Feb 192016
 February 19, 2016

marijuana cannabis garden lighting lightsNew Frontier, the leading Big Data provider in the cannabis industry, analyzes the high energy costs associated with cultivating marijuana in its latest report, Illuminating Cannabis: The Future of Energy in the Cannabis Industry. Marijuana is the most energy intensive agricultural crop produced in the U.S. Its production consumes one percent of the country’s electrical output at a cost of $6 billion annually, using the energy equivalent of 1.7 million homes.

“Both operators and legislators will need to be very mindful of the high energy demands of the legal cannabis industry. Companies that adopt the most energy efficient practices will have an important cost advantage as the industry becomes more competitive and prices fall, and states that prioritize energy efficiency will reduce the fast-growing industry’s impact on the grid and on the environment,” said New Frontier Founder and CEO Giadha Aguirre De Carcer.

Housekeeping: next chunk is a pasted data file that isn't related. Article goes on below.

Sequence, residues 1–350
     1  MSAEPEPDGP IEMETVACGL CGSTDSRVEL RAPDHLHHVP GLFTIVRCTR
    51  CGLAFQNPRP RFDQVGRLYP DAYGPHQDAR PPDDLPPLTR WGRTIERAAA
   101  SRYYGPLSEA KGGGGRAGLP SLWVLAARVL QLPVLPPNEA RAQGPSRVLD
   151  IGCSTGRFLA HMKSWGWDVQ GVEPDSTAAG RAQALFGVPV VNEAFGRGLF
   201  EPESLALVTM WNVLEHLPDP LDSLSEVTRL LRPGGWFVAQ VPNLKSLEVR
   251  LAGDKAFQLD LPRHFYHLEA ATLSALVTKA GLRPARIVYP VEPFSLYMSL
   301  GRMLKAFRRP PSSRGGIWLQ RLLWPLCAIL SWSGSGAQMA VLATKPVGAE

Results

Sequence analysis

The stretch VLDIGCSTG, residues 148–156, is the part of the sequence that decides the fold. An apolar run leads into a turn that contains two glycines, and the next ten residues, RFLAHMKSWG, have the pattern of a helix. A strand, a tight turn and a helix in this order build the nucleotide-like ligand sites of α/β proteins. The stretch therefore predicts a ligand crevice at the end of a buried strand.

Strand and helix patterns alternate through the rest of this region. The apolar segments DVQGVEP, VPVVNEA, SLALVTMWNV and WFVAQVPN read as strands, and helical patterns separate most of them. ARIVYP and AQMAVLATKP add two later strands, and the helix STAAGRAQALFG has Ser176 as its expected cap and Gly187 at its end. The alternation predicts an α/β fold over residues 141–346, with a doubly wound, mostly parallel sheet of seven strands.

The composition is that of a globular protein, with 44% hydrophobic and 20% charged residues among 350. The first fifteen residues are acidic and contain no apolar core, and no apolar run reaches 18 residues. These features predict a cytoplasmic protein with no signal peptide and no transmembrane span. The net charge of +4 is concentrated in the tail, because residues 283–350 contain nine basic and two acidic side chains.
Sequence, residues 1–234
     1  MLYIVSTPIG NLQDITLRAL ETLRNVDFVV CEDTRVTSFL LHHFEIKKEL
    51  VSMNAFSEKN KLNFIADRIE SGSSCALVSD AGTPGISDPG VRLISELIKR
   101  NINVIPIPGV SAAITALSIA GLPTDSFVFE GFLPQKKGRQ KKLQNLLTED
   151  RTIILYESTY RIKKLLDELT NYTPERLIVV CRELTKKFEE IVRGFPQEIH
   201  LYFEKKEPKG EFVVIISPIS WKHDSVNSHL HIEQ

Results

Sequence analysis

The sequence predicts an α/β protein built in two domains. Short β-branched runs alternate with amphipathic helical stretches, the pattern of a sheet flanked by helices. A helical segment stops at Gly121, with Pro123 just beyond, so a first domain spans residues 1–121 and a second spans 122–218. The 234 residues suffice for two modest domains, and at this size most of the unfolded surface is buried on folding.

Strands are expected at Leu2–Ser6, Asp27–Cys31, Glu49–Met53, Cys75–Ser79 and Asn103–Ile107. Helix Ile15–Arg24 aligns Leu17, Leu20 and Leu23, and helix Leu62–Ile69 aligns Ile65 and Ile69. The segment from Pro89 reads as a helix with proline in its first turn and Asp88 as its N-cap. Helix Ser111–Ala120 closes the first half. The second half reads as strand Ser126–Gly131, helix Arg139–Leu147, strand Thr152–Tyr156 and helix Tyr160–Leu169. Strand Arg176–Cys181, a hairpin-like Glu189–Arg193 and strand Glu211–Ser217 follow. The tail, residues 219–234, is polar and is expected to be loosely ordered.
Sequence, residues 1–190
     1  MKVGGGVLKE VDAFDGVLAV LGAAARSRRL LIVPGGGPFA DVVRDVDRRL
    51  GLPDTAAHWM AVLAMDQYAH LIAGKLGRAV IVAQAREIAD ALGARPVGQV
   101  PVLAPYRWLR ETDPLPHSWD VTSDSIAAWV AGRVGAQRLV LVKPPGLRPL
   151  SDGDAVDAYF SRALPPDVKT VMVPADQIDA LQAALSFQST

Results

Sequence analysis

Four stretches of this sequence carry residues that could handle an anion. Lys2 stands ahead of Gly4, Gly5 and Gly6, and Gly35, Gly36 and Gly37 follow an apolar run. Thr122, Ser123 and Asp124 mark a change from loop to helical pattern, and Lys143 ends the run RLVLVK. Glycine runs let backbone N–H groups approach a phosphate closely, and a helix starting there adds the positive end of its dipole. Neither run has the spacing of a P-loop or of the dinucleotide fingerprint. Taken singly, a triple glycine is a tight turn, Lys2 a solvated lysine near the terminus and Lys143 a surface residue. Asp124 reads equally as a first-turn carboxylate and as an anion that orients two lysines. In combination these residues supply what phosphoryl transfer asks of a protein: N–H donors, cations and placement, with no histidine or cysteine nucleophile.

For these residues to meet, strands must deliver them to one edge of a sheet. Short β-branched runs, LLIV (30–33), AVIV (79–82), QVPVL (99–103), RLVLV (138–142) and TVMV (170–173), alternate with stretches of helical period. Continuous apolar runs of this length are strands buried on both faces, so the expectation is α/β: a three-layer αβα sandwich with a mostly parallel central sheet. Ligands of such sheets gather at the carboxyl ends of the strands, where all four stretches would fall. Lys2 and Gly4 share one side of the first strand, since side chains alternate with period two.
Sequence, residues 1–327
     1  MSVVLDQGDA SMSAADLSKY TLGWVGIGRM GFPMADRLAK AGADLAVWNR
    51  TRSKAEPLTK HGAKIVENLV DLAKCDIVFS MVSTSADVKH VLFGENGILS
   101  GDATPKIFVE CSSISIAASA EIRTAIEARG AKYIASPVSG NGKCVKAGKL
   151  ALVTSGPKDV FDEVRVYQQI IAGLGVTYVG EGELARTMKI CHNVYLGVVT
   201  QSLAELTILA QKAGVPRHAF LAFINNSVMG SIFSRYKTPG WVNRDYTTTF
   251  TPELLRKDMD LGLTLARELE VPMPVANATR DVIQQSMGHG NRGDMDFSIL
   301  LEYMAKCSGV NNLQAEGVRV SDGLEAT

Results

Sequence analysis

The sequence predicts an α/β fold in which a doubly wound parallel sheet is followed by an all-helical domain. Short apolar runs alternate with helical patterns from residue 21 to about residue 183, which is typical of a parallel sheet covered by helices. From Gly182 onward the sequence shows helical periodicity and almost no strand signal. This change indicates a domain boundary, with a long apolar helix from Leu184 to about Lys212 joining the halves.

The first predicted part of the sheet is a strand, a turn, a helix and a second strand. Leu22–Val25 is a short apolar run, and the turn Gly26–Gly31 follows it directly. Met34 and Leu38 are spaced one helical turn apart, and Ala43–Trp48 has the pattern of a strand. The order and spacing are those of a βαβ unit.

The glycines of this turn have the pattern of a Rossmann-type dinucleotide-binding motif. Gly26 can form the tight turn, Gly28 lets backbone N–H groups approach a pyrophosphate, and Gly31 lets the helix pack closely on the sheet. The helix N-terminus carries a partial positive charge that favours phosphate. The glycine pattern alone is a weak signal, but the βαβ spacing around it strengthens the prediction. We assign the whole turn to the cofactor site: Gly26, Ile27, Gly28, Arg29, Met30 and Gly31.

“Most key parties are not yet engaged. California and elsewhere has begun to address the destructive impacts of unregulated outdoor cultivation, but have yet to recognize what may be even greater environmental consequences from the prodigious amounts of energy used by indoor operations,” said Dr. Evan Mills, Energy Analyst and member of the U.N. Intergovernmental Panel on Climate Change.

High energy costs, which can account for as much as half of the total wholesale price, are driven by the electricity required to grow the plant indoors, manage the intense heat generated by conventional indoor cultivation lights, and the ventilation, cooling, water and humidity management systems required to maintain optimal growing conditions for the plants.